“It was pretty clever of you to handle a tricky sermon topic by getting people to handle it for you,” he said shaking my hand after worship. He was right. This one was tricky. “What should Christians do about the opportunity gap?” A thorny installment in our “Peoples’ Choice” summer sermon series.
I enlisted the the question’s owner to tell the congregation why he had asked that question, what stake he had in the answer. Then I enlisted one of our guests from Louisiana here for the week on a mission trip to talk about how the ministries of her church are bridging the opportunity gap. Then I put on the finishing touches.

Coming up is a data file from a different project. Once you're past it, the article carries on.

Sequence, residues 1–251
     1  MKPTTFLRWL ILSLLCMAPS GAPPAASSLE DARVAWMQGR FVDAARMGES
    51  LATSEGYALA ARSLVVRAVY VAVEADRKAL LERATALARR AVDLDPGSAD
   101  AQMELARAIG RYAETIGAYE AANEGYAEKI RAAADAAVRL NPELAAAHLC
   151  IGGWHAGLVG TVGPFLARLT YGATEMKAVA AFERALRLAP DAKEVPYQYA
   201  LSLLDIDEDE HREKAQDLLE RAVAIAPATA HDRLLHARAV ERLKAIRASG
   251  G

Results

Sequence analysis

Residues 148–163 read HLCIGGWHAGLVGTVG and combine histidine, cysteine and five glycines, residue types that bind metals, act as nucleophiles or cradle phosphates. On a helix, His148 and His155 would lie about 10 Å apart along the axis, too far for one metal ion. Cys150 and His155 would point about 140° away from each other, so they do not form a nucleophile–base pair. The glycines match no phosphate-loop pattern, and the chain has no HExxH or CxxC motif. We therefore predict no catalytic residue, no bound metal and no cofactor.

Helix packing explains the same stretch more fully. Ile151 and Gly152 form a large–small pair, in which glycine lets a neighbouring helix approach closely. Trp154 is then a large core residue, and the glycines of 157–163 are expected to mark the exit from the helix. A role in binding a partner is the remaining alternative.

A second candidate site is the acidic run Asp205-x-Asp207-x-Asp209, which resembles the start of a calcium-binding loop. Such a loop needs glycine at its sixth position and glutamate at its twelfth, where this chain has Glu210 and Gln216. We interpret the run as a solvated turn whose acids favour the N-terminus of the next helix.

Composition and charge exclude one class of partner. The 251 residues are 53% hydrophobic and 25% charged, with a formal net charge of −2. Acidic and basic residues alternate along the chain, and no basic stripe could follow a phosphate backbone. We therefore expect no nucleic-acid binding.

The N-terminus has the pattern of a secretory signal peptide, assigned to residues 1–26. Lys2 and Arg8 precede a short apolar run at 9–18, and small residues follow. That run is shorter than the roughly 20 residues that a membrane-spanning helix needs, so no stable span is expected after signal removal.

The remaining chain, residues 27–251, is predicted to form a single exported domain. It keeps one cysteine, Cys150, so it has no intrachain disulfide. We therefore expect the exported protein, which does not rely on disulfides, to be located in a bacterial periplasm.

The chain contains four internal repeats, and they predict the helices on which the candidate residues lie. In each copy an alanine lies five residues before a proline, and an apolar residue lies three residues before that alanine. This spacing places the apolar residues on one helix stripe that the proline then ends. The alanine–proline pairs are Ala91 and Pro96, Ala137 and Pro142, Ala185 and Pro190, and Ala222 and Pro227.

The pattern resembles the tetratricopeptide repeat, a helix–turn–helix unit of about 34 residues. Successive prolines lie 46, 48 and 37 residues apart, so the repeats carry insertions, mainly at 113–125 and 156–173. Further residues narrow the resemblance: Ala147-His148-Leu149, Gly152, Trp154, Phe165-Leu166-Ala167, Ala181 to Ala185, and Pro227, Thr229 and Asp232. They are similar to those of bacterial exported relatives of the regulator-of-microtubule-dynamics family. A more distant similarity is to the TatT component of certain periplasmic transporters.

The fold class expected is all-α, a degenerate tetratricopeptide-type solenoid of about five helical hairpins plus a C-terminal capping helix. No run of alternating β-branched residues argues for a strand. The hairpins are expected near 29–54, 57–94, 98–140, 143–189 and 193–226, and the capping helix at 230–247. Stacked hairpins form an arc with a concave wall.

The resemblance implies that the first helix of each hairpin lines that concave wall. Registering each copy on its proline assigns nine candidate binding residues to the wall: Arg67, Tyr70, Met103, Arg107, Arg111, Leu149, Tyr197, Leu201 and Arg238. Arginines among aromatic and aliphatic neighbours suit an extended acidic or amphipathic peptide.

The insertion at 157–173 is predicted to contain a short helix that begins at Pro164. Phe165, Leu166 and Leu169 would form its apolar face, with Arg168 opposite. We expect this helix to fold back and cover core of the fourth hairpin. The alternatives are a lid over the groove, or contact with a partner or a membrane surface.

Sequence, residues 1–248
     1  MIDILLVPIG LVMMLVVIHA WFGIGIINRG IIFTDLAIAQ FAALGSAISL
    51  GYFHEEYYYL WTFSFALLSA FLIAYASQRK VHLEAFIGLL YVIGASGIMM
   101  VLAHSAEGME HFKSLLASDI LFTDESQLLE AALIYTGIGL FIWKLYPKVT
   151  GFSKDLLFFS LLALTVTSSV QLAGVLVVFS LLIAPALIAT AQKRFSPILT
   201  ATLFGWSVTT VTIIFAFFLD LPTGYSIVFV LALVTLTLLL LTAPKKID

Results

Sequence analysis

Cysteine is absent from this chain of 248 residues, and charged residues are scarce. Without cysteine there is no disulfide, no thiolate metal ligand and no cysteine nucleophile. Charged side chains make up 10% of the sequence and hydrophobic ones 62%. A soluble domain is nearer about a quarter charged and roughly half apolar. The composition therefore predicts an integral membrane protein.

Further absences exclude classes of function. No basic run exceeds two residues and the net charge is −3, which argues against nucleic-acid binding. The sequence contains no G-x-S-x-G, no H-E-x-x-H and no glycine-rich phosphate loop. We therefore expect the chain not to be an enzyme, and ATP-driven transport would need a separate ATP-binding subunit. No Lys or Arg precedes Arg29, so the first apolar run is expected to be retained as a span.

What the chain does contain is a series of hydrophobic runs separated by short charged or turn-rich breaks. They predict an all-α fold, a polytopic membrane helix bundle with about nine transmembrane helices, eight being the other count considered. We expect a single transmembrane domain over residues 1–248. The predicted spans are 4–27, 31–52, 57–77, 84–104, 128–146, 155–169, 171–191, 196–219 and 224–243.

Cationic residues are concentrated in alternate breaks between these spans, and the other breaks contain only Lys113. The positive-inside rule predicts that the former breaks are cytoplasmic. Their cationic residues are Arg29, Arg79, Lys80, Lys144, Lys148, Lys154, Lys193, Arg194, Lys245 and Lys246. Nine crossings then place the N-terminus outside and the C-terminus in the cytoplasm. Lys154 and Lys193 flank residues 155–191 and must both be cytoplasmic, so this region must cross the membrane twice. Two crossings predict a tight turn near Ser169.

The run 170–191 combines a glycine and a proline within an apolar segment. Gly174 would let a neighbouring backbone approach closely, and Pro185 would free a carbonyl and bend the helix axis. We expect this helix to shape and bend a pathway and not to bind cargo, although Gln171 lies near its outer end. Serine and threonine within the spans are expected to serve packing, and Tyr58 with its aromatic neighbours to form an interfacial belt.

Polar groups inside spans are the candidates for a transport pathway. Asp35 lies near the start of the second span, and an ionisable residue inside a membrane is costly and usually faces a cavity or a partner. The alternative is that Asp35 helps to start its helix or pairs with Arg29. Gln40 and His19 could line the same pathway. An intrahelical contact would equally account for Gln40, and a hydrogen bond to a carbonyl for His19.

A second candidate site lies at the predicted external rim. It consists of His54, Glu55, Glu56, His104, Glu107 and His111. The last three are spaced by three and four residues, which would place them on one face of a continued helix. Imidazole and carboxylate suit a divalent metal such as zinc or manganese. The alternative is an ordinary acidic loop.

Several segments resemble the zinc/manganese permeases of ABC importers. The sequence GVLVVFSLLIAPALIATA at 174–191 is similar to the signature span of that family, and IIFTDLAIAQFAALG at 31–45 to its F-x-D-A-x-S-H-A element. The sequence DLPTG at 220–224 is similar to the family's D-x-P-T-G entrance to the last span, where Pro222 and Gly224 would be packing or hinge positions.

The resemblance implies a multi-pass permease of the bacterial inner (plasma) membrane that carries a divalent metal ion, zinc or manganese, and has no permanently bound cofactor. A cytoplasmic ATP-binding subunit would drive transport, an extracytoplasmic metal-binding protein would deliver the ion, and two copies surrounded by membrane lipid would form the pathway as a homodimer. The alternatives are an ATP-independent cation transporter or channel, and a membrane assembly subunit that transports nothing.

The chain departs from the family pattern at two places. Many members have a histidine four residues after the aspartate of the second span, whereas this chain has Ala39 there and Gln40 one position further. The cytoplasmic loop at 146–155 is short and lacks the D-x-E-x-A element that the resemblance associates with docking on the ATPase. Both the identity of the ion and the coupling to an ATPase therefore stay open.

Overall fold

The question did not get definitively answered. The approach was more descriptive, as my co-preachers shared stories of things they’ve seen and done to reach across the opportunity gap. A lot of what they described comes down to mentoring, so I pointed that out and shared a quote from Robert Putnam: “If America’s religious communities were to become seized of the immorality of the opportunity gap, mentoring is one of the ways they could make an immediate impact.”
Clever perhaps. But I hope, also, challenging in a way that my usual solo sermons are not.